14. Tillingly


Yard slavery was not covered in the Emancipation Proclamation or in amendments to the Constitution, sadly. Free men, (at least we believe that we are free, but what is freedom? and where is an existential philosopher when you need one?  In a book in a coffee shop I bet.) labor over long weekends doing yard work for their masters, who in this case is a mistress but not that kind. And it’s not like that anyway. The mistress is the property that owns me, the half acre of grass and weeds that have the audacity to grow long and messy every week. Every seven days they conspire to overtake the castle (my raised rancher house with double deck off the back, four bedrooms, three baths, 2 car garage. Okay, a castlette). My weapons are the electric weedeater and the 6.5 horsepower push mower, a  heavy beast of burden that I push up and down slopes.

But grass cutting is a forever proposition that is seasonal. What caught my brain over the weekend was the four hours of garden tilling that I did. I feel the tillage debt in my hands and shoulders and lower back today. I don’t even know how to use the word tillage, but that won’t stop me. No, I plugged in that little four blade dirt-eating circular saw and tore into the sleepy earth. It was the equivalent of rock and roll versus the cultural silence of the 1950’s, and the silence didn’t have a chance. Purrrr,clack, rattle, purr,cha chink, clack, rattle, ping ping, purr,urrrrrrrr. That last sound is the potatoe-size rock stuck in between the tine wheels and the tiller housing.  Pause, hammer, shatter the sandstone or quartz rock and till on. Sounds easy enough. The tines dig in at ridiculous speeds and chew up solid dirt, turning it into fluffy soil that’s too soft to walk over, like moondust. Something like satisfaction begins to spread across the till master.  A metamorphosis begins.

After an hour or so your brain gets on the same electrical frequency as the tiller, allowing you to space out into other galaxies where free men are not tilling their gardens in hopes of fresh potatoes in the fall. Out, out into untilled space. Meanwhile you pick out all the rocks of any consequence and pitch them into the wagon parked next to the bare soil. These will go under the arbor vitae along the fence line, repurposed as decorative debris. And maybe a Jimi Hendrix song plays underneath the cognitions that cycle through the liberated mind of the 21st century tiller. Gouge, spin out, grind up. Maybe a Doors song would be more fitting. “Roll, baby, Roll!!” A rhythm evolves in the garden dirt. The tiller tickles rocks out of their nestled compactions, and you have to feel the vibrations and know when the rock is going to kick. This dance results in fewer stops and hammer blows to clear the tines.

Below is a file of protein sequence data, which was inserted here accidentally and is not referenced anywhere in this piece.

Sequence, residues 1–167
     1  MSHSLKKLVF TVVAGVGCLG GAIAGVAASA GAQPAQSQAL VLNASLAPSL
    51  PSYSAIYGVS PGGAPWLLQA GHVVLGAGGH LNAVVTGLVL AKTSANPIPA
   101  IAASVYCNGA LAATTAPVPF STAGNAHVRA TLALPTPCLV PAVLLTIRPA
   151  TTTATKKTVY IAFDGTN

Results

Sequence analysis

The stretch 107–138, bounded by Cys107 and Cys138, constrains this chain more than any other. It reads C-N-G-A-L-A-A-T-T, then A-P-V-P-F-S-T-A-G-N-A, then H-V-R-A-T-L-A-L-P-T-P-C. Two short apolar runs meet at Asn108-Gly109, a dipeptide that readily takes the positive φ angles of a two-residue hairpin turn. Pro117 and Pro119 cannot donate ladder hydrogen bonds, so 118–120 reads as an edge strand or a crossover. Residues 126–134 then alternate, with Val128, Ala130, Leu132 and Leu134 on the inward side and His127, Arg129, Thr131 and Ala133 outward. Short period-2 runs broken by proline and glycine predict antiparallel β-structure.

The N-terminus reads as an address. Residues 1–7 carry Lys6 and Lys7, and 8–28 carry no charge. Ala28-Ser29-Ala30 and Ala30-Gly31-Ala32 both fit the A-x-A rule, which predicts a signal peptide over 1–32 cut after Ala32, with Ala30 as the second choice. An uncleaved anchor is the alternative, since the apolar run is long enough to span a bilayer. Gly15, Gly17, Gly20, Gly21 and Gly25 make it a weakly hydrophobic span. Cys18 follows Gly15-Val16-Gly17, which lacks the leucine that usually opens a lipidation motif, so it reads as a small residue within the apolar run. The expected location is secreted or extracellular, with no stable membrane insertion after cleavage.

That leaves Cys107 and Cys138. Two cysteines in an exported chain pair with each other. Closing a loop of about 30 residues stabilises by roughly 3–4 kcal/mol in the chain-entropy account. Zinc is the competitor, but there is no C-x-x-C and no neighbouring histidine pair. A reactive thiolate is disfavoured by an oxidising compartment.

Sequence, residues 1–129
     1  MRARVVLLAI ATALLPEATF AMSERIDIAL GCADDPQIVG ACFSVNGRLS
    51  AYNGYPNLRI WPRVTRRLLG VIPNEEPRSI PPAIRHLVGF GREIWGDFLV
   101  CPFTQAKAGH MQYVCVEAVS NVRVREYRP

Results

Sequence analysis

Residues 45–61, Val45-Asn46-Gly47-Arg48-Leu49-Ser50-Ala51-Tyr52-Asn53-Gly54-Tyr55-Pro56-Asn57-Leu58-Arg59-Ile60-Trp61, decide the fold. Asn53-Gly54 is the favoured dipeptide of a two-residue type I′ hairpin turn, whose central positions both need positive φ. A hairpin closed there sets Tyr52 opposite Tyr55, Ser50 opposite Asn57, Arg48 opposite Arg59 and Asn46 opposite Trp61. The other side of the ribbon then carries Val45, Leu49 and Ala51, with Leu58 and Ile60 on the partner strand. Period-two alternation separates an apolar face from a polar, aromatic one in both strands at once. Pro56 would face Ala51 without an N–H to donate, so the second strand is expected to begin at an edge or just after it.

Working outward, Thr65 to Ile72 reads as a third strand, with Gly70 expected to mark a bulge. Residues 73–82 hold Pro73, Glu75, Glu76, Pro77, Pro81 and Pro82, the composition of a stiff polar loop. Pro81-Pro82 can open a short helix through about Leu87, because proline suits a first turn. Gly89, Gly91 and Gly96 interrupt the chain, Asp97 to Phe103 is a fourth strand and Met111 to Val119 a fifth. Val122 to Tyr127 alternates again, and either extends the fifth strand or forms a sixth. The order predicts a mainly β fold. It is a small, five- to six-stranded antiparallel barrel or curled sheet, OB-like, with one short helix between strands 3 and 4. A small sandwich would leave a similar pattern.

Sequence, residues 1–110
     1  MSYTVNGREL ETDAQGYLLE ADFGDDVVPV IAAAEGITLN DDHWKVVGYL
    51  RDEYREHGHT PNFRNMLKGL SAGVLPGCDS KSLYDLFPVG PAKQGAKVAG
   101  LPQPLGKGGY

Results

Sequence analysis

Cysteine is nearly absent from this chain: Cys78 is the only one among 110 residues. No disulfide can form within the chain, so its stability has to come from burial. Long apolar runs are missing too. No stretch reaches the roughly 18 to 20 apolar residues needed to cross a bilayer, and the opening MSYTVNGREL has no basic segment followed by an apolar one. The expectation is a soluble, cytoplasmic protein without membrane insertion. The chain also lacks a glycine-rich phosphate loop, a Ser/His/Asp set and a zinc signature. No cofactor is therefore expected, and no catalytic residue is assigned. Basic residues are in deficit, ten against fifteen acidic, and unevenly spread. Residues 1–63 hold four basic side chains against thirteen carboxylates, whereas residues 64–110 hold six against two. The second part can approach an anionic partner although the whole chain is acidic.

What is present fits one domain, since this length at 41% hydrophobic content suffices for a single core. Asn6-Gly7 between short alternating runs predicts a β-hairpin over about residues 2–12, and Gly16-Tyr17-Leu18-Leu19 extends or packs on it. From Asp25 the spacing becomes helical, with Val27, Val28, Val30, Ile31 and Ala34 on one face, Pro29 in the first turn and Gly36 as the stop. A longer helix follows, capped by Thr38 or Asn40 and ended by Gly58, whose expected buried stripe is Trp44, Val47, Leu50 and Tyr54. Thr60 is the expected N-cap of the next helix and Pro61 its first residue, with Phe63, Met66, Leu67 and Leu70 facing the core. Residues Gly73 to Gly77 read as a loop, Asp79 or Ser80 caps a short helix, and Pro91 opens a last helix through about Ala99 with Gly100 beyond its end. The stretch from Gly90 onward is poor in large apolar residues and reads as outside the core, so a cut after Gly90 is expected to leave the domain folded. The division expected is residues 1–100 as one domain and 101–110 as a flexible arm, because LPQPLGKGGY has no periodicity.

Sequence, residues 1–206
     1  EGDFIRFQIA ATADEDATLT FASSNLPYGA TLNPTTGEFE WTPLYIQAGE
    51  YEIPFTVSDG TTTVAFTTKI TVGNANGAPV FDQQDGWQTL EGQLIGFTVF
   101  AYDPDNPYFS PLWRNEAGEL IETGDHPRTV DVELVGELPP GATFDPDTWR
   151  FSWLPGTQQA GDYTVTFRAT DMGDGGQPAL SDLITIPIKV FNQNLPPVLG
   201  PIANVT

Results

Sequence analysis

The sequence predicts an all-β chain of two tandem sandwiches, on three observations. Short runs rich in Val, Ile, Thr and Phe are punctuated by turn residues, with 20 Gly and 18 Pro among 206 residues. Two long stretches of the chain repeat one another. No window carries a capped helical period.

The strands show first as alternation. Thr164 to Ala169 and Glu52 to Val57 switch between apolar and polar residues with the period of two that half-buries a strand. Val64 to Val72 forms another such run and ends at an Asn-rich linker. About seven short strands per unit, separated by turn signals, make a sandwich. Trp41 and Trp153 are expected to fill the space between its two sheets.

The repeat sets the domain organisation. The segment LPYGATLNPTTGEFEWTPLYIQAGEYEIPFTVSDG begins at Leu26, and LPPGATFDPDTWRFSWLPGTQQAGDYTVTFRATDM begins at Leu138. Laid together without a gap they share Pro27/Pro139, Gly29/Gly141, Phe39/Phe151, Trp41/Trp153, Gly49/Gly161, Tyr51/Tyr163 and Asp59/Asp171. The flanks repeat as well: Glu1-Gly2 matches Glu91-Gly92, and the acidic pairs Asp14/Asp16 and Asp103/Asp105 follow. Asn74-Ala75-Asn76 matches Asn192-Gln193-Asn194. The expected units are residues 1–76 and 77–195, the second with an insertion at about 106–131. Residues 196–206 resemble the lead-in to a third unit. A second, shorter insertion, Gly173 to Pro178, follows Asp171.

And the fluffy dirt works better for producing desirable living things. Rocks are like problems that have to be solved then discarded. Dang, that’s a lot of problems in one vegetable garden. However, when you turn around and till the soil again, it’s like whipped butter. Makes me think of some of my counseling clients. It’s so hard to break out the problems in the first course of therapy. They resist the tilling questions and pauses that can be invasive and threatening. But in most cases their issues are fluffier as we go.  A lightness develops. The stuff of their lives is potentiated, aerated, and activated. No, it’s not that simple. There is no perfect analogy for such a complex experience. Tilling fits, though.

Yard slavery, I suppose, is a choice, which makes it not slavery. I choose to keep a yard so I choose to own and operate a bunch of machines that I can’t keep up with either– three chainsaws that don’t work; a snow blower that I could not get to start; two lawn mowers; a weedeater, a hedge trimmer, and various shovels, rakes, an electric leaf blower, a fertilizer spreader, hoses, etc. It’s a bit disturbing when I consider how much money it costs to be in the yard slavery game. When you add the house slavery to it, there is hardly time left for useless blogging about self-imposed slavery. I must choose. Do I continue to bang my head into solid immovable objects or not?  I have a hard head. I choose slavery.

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